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Dream of owning a home is over for most young Hong Kong people

People look at floor plans inside a sales gallery for at a real estate showroom in Hong Kong.
Brent Lewin | Bloomberg | Getty Images
People look at floor plans inside a sales gallery for at a real estate showroom in Hong Kong.

Soaring property prices have broken home ownership dreams among Hong Kong's youth, with the number of those intending to buy a flat having halved over the past decade, according to a survey.

Those who are still interested expect to work for up to 25 years before they can buy their first home, the study by the Hong Kong Federation of Youth Groups found.

Of the 800 survey respondents, aged 18 to 34, only 213 intended to get on the property ladder – a drop to below 27 per cent from 55 per cent in 2006. Around 10 per cent said they currently owned property, while more than 54 per cent had no purchase plans and 9 per cent were undecided.

Residential units are seen clustered tightly together in an apartment complex in the Quarry Bay area of Hong Kong.
Alex Ogle | AFP | Getty Images
Residential units are seen clustered tightly together in an apartment complex in the Quarry Bay area of Hong Kong.

Although the exact reasons behind the trend were not studied, respondents said prices and the size of down payments needed were the two top factors they considered.

The study also found that while young people occupied about 126 sq ft of living space on average currently, they hoped to double that to 270 sq ft.

Vincent Ng, president of the Hong Kong Institute of Architects, which commissioned the survey, said that to address space problems, some architects were proposing to elevate ceiling heights from 3.5 to 3.7 meters in small flats.

"Architects are looking for solutions to think in terms of space – that is changing the concept from area to volume," he said.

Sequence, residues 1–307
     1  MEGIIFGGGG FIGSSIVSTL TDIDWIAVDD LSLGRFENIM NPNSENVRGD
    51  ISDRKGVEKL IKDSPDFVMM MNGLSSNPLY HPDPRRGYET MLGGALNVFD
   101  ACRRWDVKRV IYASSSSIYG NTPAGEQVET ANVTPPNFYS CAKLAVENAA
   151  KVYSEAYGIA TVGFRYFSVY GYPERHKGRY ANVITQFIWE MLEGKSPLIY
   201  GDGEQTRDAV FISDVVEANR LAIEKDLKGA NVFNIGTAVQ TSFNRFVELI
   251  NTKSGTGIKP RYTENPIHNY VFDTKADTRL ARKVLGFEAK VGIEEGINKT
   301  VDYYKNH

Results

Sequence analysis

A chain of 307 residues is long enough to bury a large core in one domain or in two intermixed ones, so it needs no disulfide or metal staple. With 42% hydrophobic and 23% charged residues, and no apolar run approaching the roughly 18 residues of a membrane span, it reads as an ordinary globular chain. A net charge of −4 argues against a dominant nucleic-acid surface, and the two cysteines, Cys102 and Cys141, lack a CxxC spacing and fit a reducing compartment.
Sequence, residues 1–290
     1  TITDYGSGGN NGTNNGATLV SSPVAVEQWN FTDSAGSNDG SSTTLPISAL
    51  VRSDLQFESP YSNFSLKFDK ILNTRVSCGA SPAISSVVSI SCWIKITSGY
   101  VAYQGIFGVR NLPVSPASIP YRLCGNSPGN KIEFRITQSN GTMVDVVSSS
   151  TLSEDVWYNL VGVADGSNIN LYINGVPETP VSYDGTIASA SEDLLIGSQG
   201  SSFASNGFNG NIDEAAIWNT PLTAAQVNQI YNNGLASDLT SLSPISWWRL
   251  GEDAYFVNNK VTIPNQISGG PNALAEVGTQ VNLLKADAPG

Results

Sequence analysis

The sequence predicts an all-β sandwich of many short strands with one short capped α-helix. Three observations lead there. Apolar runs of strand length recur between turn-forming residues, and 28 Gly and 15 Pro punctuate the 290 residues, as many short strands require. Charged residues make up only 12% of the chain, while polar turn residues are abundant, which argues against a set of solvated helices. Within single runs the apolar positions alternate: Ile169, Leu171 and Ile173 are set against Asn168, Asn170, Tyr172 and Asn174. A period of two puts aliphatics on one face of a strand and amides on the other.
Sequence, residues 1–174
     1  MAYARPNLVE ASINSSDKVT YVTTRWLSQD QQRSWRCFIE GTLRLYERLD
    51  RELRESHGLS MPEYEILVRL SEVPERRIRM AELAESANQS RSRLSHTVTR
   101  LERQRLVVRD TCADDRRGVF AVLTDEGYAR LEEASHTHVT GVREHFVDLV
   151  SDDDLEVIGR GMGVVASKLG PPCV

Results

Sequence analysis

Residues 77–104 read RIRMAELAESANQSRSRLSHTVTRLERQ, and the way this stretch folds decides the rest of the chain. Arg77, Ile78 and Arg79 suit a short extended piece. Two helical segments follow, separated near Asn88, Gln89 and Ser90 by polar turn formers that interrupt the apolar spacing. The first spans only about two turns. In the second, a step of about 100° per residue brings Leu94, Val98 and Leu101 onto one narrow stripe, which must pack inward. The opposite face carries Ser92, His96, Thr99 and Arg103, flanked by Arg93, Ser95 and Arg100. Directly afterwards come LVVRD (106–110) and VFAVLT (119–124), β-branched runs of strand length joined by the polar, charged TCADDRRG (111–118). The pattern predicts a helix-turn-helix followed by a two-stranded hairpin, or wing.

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Although there is no cap for the height of ceilings in the city, most developers keep them under 3.5 meters. According to the federation, flats with 3.7 meter ceilings can technically include a small attic.

"In essence, we are capitalizing on the height and the young architects look into the possibility of ... putting the bed on the upper level and using the wardrobe as the staircase," Ng said.

Among respondents intending to buy homes, more than 50 per cent expected to work for up to 10 years before they could afford a flat, while 20 per cent expected to work for up to 25 years. And even after that, they were not expecting to afford anything above HK$4 million.

Ng said there was "quite a gap between dream and reality" in the ability of the city's youth to buy property in today's market.

According to Midland Realty, a 268 sq ft flat in Wan Chai would currently be priced at HK$5.5 million, although the 15 per cent stamp duty imposed earlier this month by the government on non-first-time buyers may bring down prices.

Survey organizers noted a trend among developers to build increasingly smaller flats because "they only look at demand and affordability" instead of living conditions.

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